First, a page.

Bunge Ltd, a U.S. grains trader, revealed on Tuesday that it was not holding merger talks with Glencore, a commodities and mining conglomerate based in Switzerland. This follows a disclosure by Glencore that it had informally approached Bunge to discuss the possibilities of a merger. Earlier The Wall Street Journal had reported that Glencore had initiated a takeover approach. The two companies have previously held talks but these concentrated on forming a partnership.
The report of Glencore’s interest in merging with Bunge led to speculation that the large grain trading houses in the world were open to consolidating following poor results in the recent past. This is akin to what has happened to the seed and farm chemical industries. In recent years big grain traders have faced challenges owing to an oversupply in the market. Besides Bunge, some of the big grain traders include Louis Dreyfus Co, Cargill Inc and Archer Daniels Midlands Co.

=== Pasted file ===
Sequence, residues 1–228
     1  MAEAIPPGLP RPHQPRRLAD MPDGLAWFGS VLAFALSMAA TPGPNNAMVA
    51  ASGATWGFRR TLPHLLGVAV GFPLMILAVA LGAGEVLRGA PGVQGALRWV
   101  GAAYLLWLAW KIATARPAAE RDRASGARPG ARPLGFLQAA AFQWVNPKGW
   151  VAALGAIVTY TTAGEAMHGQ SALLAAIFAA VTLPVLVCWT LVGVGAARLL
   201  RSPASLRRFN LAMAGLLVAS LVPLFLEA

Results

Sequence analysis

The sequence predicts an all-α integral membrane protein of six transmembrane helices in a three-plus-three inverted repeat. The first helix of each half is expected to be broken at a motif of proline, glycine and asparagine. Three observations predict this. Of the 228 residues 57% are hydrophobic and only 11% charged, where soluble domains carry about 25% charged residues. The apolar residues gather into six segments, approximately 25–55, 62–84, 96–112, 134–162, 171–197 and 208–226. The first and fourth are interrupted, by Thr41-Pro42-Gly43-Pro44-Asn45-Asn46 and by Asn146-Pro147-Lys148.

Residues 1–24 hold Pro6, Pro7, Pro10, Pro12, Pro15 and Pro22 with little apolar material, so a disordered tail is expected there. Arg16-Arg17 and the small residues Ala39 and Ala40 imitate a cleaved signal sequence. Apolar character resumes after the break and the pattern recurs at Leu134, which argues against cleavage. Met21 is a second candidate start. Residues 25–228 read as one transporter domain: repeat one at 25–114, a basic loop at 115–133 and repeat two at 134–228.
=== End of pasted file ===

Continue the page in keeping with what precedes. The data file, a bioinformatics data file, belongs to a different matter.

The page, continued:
The situation is not likely to get any better as there has been a bumper harvest of both soybean and grain in both South America and the United States which rules out a supply disruption that would be a boon for global grain traders.
The large grain traders have also had to suffer from thin trading margins which have ended up squeezing their trading operations. There has also been stiff competition from Chinese and Japanese companies include COFCO Corp from China and Marubeni Corp from Japan.
Earlier in the month the chief executive officer of Bunger Soren Schroder was quoted as saying that the grain sector was ready for consolidation. He also added that his company would take the frontline in dealmaking but did not say explicitly whether Bunge would position itself as a seller or as a buyer.
In the event that Bunge and Glencore were to partner, Glencore would be transformed into a major agricultural firm in the United States. In the recent past Glencore has pursued a deal with the grains business unit of Louis Dreyfus without much success.
In 2012 Glencore bolstered its operations in Canada by entering into a $6 billion deal with Viterra Inc, a grain handler. Three years later Glencore’s grains business was spun off. Glencore was to later divest 49% of its holdings in Glencore Agri for over $3.1 billion. The stake was sold to British Columbia Investment Management Coro and Canada Pension Plan Investment Board.